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Encoding Rotation Invariant Features of Images

In this section, we focus on the innovation of key techniques for our proposed classification framework for identifying staining patterns of HEp-2 cells.

Pairwise LTPs with Spatial Rotation Invariant

Histogram-based features describe an image as an orderless collection of “patterns” occurrence frequency, ignoring spatial layout information. This seriously limits descriptive ability especially for shape of objects in the image. Inspired by the SPM [11], we propose to construct a spatial pyramid structure on the feature space of the HEp-2 cell image.

Firstly, histogram-based features are extracted from small overlapped patches within an image. Then, the image is partitioned into increasingly finer spatial subregions over the feature space. Let t = 1, 2,...,L denote level of subpartition, such that there are 2t-1 x 2t-1 subregions at level t. At level t, the features within each subregion are combined together as

where If is the ith subregion at level t and Hi f is the corresponding image feature vector in If. h = [h1, h2, ??? , hN]T e RNxQ is the patch-level features and hi e If denotes the features within If. F(?) is a specific statistics method aggregating occurrences of histogram-based features. In this thesis we adopt the max-pooling strategy:

where the “max” function is a row-wise manner, Hf is the k-th element of and hjk is the k-th element of hj.

Within the spatial pyramid structure, we extract a new rotation invariant textural feature. As aforementioned, LBP is a simple yet effective textural feature. However, the LBP tends to be sensitive to noise and smooth weak intensity gradients, because it thresholds at the gray value of the central pixel [6]. Therefore, the LBPs are extended to LTP defined as

where I (xi, yi) is the gray value of P equal spaced pixels on a circle of R around (x, y), (xi, yi) = (x + R cos(2ni/P), y + R sin(2ni/P))) is the neighbors location and th is a user-specified threshold value. Usually, each ternary pattern is slipped into a positive pattern and a negative pattern as

The differencebetween theLBP and LTP encoding procedures is shown in Fig. 6.2. The computational complexity for a LBP is mainly based on the number of neighbor pixels P. The complexity for a LTP is almost double that for a LBP. Furthermore, the computational times of the LBP and LTP increase proportionally to the pixel count of the image. In the following procedure, operations are implemented based on positive and negative pattern respectively. LTP partially solve aforementioned problems of LBP by encoding the small pixel difference into a separate state [12] and adding the threshold value. Meanwhile it combines the positive and negative halves making it more discriminative. Following operation is implemented on the positive and negative pattern respectively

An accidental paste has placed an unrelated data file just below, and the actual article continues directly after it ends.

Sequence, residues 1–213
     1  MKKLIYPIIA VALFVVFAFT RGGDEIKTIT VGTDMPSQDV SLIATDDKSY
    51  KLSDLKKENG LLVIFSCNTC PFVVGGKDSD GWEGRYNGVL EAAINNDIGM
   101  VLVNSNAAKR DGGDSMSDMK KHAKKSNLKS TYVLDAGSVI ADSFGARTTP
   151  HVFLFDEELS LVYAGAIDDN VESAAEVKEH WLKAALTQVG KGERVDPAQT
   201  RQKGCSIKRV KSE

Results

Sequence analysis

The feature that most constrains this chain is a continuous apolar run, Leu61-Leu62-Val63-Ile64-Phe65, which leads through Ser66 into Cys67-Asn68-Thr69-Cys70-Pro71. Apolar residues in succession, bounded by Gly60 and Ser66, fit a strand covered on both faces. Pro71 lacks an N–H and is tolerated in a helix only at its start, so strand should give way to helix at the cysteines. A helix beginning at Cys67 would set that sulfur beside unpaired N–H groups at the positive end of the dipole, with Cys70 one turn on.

Difference between LBP and LTP encoding procedures

Fig. 6.2 Difference between LBP and LTP encoding procedures

To achieve rotation invariance, we assign a rotation invariant value to each LTP pair which is defined by

where x = (x, y) is the position vector in image I and Ax3 = (d cos 3, d sin 3) is a replacement vector between a LTP pair based on the rotation angle 3. It is noted that one LBP has two patterns, i.e., tp and tn. Therefore, the rotation invariant values are assigned to tp and tn respectively. LTP3 (x) is the LTP at position x with the rotation angle 3, which can be rewritten as

where I (x + Ari>3) is the gray value of P neighboring pixels around center pixel with respect to 3 and Ari>3 = (R cos(2ni/P + 3), R sin(2ni/P + 3)) is a replacement vector from the center pixel to neighboring pixels in a LTP.

Then, the same value is obtained by P3(x, Ax3)(3 = 0, n/4, ж/2, 3п/4, ж) since their LTP pairs are rotational equivalent. We show that the pairwise LTPs can achieve rotation invariance in Fig. 6.3. For the rotation equivalence class ‘A’, all the

An example of the rotation equivalence class

Fig. 6.3 An example of the rotation equivalence class. Black and white circles correspond to ‘0’ and ‘1’ respectively. s (A) is the start point of the binary sequence, where s(A) = (x + Rcos(A), y + Rsin(A))

Framework of pairwise LTPs with spatial rotation invariant

Fig. 6.4 Framework of pairwise LTPs with spatial rotation invariant

LTP pairs obtain the same value as each of them is equal to the others in terms of rotation; the class ‘B’ is also the same. Particularly, the pairwise LTPs of ‘B’ can be obtained accordingly from that of ‘A’ by rotating 180°. Therefore, we define that the pairwise LTPs in Fig. 6.3 have the same rotation invariant value, that is P$ = P$ .

We calculate the histogram hR,d of rotation invariant values for every $ and (R, d) from every patch within an image. Based on the experiments, we choose P = 4 for enough accuracy with an affordable costs in computation and memory. The variation of computational cost and memory affected by the choice of parameters R and d is minor. To improve discrimination, the patch-level rotation invariant textural feature h = {hR,d} is obtained by combining hR,d with various (R, d). This framework can be illustrated in Fig. 6.4. Firstly, the image is converted to grayscale image. Then, the grayscale image is partitioned into equal sized patches. The pairwise LTPs with rotation invariant are extracted from each patch. Next, the grayscale image is divided into a sequence of increasingly finer grids over the feature space. Within each grid, the extracted features are integrated using the max-pooling strategy. Finally, all the pooled features from the grids are concatenated together for final classification. Our proposed PLTP-SRI feature is rotation invariance. Meanwhile, it obtains strong descriptive and discriminative power.

 
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